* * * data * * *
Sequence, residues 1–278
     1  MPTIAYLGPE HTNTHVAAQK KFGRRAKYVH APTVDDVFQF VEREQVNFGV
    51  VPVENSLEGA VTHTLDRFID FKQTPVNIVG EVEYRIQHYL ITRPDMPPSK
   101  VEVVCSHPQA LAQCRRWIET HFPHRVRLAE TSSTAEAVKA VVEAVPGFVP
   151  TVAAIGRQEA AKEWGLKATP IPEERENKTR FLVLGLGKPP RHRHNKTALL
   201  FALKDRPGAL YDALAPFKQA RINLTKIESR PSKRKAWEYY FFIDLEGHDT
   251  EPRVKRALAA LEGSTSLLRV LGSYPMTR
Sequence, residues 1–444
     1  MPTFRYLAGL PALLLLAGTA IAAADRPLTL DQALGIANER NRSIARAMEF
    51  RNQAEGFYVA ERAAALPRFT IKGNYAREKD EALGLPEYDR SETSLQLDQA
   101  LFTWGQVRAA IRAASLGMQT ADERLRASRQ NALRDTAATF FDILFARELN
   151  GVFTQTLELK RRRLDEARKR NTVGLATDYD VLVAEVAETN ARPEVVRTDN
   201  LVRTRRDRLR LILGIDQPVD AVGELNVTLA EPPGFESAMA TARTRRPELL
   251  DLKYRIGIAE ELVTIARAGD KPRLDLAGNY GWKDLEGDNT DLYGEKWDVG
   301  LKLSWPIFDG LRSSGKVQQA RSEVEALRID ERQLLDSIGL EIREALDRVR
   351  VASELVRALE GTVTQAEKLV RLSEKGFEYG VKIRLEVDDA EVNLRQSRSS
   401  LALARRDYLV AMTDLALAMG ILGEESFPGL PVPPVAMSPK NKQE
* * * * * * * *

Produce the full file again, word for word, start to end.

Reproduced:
Sequence, residues 1–278
     1  MPTIAYLGPE HTNTHVAAQK KFGRRAKYVH APTVDDVFQF VEREQVNFGV
    51  VPVENSLEGA VTHTLDRFID FKQTPVNIVG EVEYRIQHYL ITRPDMPPSK
   101  VEVVCSHPQA LAQCRRWIET HFPHRVRLAE TSSTAEAVKA VVEAVPGFVP
   151  TVAAIGRQEA AKEWGLKATP IPEERENKTR FLVLGLGKPP RHRHNKTALL
   201  FALKDRPGAL YDALAPFKQA RINLTKIESR PSKRKAWEYY FFIDLEGHDT
   251  EPRVKRALAA LEGSTSLLRV LGSYPMTR
Sequence, residues 1–444
     1  MPTFRYLAGL PALLLLAGTA IAAADRPLTL DQALGIANER NRSIARAMEF
    51  RNQAEGFYVA ERAAALPRFT IKGNYAREKD EALGLPEYDR SETSLQLDQA
   101  LFTWGQVRAA IRAASLGMQT ADERLRASRQ NALRDTAATF FDILFARELN
   151  GVFTQTLELK RRRLDEARKR NTVGLATDYD VLVAEVAETN ARPEVVRTDN
   201  LVRTRRDRLR LILGIDQPVD AVGELNVTLA EPPGFESAMA TARTRRPELL
   251  DLKYRIGIAE ELVTIARAGD KPRLDLAGNY GWKDLEGDNT DLYGEKWDVG
   301  LKLSWPIFDG LRSSGKVQQA RSEVEALRID ERQLLDSIGL EIREALDRVR
   351  VASELVRALE GTVTQAEKLV RLSEKGFEYG VKIRLEVDDA EVNLRQSRSS
   401  LALARRDYLV AMTDLALAMG ILGEESFPGL PVPPVAMSPK NKQE